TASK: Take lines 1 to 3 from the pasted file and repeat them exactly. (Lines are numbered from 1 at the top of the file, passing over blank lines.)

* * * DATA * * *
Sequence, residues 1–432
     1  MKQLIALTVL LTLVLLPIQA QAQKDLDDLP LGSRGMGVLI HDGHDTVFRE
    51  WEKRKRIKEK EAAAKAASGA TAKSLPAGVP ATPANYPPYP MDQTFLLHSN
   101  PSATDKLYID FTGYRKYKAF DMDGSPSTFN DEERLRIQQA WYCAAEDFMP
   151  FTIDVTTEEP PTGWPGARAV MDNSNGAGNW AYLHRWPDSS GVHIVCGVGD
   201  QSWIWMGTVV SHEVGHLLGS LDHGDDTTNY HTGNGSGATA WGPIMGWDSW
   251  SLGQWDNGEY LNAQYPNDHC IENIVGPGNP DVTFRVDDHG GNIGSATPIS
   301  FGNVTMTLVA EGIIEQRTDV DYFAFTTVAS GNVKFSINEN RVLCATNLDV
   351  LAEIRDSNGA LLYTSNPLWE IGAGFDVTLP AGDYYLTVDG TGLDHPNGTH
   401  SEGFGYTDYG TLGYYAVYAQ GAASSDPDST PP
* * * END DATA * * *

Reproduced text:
Sequence, residues 1–432
     1  MKQLIALTVL LTLVLLPIQA QAQKDLDDLP LGSRGMGVLI HDGHDTVFRE
    51  WEKRKRIKEK EAAAKAASGA TAKSLPAGVP ATPANYPPYP MDQTFLLHSN